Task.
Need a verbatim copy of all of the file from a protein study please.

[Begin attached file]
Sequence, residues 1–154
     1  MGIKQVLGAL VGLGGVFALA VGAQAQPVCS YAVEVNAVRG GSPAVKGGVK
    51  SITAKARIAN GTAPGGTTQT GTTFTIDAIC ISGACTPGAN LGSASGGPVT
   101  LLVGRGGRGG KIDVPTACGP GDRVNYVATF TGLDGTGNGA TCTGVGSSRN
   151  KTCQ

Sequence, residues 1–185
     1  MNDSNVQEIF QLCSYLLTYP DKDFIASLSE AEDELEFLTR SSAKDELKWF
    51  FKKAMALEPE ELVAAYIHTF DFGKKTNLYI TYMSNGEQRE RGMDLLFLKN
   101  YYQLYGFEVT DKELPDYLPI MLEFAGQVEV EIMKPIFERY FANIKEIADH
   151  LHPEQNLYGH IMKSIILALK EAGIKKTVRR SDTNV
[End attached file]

Sequence, residues 1–154
     1  MGIKQVLGAL VGLGGVFALA VGAQAQPVCS YAVEVNAVRG GSPAVKGGVK
    51  SITAKARIAN GTAPGGTTQT GTTFTIDAIC ISGACTPGAN LGSASGGPVT
   101  LLVGRGGRGG KIDVPTACGP GDRVNYVATF TGLDGTGNGA TCTGVGSSRN
   151  KTCQ

Sequence, residues 1–185
     1  MNDSNVQEIF QLCSYLLTYP DKDFIASLSE AEDELEFLTR SSAKDELKWF
    51  FKKAMALEPE ELVAAYIHTF DFGKKTNLYI TYMSNGEQRE RGMDLLFLKN
   101  YYQLYGFEVT DKELPDYLPI MLEFAGQVEV EIMKPIFERY FANIKEIADH
   151  LHPEQNLYGH IMKSIILALK EAGIKKTVRR SDTNV